As a writer, few things are more frustrating than having a great idea for a story with no way to get it down on the page. While you might have battled writer’s block when you couldn’t come up with any ideas, blank page syndrome is a little different. Blank page syndrome occurs when you already have plans for what you want to write, but your mind seems to just go blank whenever you get ready to type. This can happen for a multitude of reasons, and you can use these tips to work through the issue step by step.

1. Eliminate Distractions

First, take a good look around the room. Is the television on? Can you hear people talking in the other room? If so, try to create a quieter environment, or play some soft music in the background if it helps you write. Then, check your computer screen. Try to shut off down any tabs or apps that distract you from your blank page.

 

2. Spend Five Minutes Free Writing

Many writers find that just getting any words on the screen at all helps them to reduce the pressure they feel from looking at a blank page. Free writing is a great warm up, and you can use this moment to get your creative juices flowing. If you still find this hard, then set a timer. Knowing that you only have to try for five minutes helps you to get over that hump.

3. Use a Writing Prompt

Is free writing still too intimidating? If so, then you can use a writing prompt to help you begin brainstorming a story. The writing prompt doesn’t even have to seem as though it has anything to do with your story, or you could use it as a springboard for a scene. For instance, you could choose a prompt that encourages you to describe something that your character might actually do in your final story.

4. Make an Outline

Some writers love outlines, others never use them. While your story may veer far from the initial outline, putting a few basic concepts in order can help you start the writing process. Keep in mind that your outline doesn’t have to be perfect. The main point is to get some information about your story on the screen. You can also use this later to get started writing on a different day.

5. Start the Story in the Middle

You may be hung up on creating the perfect opening line. If so, then this is another way to combat the feeling that the cursor is taunting you. By now, you’ve probably got a few ideas about how you want the climax of the story to go. Start there, and keep writing. You can flesh out the rest of the details later.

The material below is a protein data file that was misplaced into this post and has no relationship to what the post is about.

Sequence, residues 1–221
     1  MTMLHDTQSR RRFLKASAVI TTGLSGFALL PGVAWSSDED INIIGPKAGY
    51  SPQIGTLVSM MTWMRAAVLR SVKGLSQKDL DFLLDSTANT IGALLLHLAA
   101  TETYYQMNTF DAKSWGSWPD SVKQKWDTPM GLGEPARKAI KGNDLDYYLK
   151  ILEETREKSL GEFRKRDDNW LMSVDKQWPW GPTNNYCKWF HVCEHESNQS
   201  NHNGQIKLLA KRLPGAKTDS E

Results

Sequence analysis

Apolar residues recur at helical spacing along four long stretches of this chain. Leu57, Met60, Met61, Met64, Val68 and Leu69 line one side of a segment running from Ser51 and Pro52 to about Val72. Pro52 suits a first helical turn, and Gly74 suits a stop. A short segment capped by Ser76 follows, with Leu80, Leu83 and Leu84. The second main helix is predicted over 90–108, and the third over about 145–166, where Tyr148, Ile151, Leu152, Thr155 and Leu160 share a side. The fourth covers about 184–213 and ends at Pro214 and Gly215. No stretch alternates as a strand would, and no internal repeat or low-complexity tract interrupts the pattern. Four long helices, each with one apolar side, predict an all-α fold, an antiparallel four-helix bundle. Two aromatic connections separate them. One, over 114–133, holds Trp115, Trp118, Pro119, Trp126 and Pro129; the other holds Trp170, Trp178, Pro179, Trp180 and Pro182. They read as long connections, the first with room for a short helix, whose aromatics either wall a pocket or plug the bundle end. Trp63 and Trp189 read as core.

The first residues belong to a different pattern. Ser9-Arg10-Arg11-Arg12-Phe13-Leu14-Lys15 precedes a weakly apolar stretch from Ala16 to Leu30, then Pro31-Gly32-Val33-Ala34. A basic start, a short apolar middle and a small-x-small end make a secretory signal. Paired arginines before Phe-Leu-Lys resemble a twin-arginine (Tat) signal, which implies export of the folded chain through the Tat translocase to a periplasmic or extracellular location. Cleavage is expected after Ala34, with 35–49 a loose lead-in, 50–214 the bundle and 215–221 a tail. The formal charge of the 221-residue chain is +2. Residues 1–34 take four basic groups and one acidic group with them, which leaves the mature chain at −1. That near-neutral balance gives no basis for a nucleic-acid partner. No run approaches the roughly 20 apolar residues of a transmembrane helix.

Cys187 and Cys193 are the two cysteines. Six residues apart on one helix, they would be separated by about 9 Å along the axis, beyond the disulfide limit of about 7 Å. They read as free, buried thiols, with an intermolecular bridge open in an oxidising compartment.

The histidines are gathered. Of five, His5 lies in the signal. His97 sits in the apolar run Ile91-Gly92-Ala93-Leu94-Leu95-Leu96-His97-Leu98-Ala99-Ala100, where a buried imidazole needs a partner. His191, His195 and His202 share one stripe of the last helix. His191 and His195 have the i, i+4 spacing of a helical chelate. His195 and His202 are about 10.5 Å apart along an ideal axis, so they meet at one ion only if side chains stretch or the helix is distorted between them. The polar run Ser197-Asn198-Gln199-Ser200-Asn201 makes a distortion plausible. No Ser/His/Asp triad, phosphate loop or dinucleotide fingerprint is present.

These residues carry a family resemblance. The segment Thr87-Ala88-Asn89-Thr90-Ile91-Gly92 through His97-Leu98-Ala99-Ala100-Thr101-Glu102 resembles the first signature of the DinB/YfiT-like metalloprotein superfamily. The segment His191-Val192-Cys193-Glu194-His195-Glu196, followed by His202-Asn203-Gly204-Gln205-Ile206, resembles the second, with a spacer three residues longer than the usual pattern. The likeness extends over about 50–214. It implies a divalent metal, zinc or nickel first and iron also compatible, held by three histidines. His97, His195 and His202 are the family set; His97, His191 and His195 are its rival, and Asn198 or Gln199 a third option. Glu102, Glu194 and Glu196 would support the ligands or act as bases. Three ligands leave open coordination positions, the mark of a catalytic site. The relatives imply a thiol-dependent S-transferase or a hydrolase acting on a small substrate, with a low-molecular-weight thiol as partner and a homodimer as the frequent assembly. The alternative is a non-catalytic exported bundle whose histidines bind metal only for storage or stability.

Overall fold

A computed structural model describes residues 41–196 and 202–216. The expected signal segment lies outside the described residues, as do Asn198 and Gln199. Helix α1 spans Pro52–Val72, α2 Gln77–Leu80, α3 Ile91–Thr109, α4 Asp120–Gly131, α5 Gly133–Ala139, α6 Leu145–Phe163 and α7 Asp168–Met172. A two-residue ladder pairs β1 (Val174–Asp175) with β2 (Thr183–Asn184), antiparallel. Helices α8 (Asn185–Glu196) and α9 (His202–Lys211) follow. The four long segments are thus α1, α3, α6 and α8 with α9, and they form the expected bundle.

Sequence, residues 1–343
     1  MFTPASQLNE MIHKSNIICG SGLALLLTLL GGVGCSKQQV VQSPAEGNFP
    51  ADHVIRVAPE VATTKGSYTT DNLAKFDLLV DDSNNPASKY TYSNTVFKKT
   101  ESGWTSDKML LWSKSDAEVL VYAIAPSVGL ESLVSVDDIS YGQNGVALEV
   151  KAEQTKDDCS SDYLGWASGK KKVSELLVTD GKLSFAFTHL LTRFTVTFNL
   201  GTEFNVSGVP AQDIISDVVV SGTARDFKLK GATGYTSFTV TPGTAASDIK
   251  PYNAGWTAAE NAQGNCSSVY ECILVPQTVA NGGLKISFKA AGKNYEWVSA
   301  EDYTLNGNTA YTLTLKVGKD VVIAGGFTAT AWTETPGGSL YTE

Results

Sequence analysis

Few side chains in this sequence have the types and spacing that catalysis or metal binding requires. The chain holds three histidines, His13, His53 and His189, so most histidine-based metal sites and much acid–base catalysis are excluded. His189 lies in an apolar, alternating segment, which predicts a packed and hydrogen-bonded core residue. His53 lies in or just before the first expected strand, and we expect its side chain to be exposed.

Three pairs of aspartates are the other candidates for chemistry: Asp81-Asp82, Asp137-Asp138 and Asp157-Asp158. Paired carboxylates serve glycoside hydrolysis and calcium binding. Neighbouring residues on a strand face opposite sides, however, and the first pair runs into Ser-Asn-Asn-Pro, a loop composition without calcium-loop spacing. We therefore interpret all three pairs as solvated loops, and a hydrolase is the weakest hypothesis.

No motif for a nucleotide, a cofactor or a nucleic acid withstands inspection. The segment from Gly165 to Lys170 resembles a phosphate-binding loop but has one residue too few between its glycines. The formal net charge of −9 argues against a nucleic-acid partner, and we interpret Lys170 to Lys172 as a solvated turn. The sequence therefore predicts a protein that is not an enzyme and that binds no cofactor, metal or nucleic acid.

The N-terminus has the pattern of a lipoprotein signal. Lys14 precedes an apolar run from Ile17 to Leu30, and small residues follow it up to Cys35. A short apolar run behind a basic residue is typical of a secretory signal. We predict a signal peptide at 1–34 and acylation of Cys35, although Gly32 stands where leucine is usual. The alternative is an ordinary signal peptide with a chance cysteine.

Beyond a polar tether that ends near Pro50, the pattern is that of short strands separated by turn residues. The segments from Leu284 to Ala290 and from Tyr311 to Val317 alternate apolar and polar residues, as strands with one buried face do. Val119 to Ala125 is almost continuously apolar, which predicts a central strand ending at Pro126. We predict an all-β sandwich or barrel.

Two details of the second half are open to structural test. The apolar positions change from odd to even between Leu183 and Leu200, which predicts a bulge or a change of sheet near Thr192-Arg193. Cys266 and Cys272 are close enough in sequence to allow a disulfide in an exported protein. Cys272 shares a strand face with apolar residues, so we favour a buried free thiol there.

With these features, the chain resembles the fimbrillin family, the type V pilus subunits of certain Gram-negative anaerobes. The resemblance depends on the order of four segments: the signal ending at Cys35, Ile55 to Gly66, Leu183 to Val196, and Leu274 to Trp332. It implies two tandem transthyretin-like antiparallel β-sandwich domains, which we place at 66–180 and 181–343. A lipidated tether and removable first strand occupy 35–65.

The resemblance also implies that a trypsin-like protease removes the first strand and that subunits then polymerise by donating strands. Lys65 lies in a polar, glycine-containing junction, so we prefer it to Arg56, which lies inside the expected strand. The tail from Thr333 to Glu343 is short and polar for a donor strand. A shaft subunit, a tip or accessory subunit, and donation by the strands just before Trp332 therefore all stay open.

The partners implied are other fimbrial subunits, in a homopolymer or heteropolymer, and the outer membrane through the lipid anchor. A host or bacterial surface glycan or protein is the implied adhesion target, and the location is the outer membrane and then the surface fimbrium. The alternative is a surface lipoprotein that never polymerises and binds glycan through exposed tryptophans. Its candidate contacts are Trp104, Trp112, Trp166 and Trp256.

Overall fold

6. Write the Ending

Similar to the middle of your story, you might have an amazing ending that you can’t wait to write. Writing a story does not have to follow a linear path. Give yourself permission to start writing at the end, and you can add in the rest of the story once you get your biggest idea out of your head.

7. Change Things Up

Every writer has a preferred writing tool, and computers tend to be the primary way to write a story these days. However, you can also break out a pen and paper to start the writing process. You can always transfer anything that you want to keep to the screen later. You can also try changing the font, text color or even the program that you are using on your computer to help your mind get unstuck.

8. Embrace Imperfection

Your inner editor might be holding you back from getting your words on the screen. Writers are often their biggest critics, and you might find that you feel intimidated by the thought of getting started. Remind yourself that it is okay for a first draft to be rough. Often, the best writing comes out of those messy first lines that may need a whole lot of editing later.

Finally getting your story on the screen feels amazing. Once you get past the blank page, you should find that the rest of the words come much easier. Now, make a few notes of what worked. You can refer to them the next time that you find yourself staring at the blinking cursor and start writing right away.

 

Read More on Drafting Your Novel

 

  1. The Minimalist’s Way to Start a First Draft ...
  2.  Best Approaches to Start a Second Draft ...
  3. Writing the Third Draft of a Fiction Novel ...
  4. How to Write the Fourth Draft of a Fiction Novel ...
  5. How to Write the Fifth and Final Draft of a Novel ...
  6. How Many Drafts Should You Put on a Fiction Novel? ...

 

Read More Fiction from Stacey Carroll

 

AVIA III: Cons and Cops Kindle Edition 

Kidnapped by the Sanchez, thrown into the backseat of a black Cadillac and hit in the head, Avia is on her own when it comes to escaping her captors and returning to her uncle’s La Pryor ranch. However, she is determined to escape from the blood-covered backseat and disgusting garage where Xavier and Jamie Sanchez have decided to hide after realizing their car’s radiator is leaking.

In the meantime, Benton has been rushed to the hospital suffering from a deep bullet wound to the shoulder. Upon waking from surgery, he is dismayed to learn that Avia is still missing. He demands to be released in order to find her but is refuted by Brian, who tells him that he must stay in the hospital until he’s healed enough to go home. In an effort to calm Benton and to alleviate his own fears about where Avia is and what might be happening to her, he tells Benton that he will go look for her.

Unbeknownst to Benton, Brian has ulterior motives for finding Avia. Her kidnapping has brought to the forefront a barrage of emotions that the Company hitman has yet to deal with, but one this is certain, he can’t stand the thought of losing Avia.

Comments powered by CComment

(Sponsored by Amazon)
 

Custom Content Packages

(Sponsored by Amazon)

 

Writing and Editing Books on Amazon

 

 

 

 

 

 

 

 

 

 

 

Coffee Mugs for Writers on Amazon

 

 

Journals for Writers on Amazon

 

 

    

  

 

 



 

Tablets for Writers on Amazon

 

 

 (Sponsored by Amazon)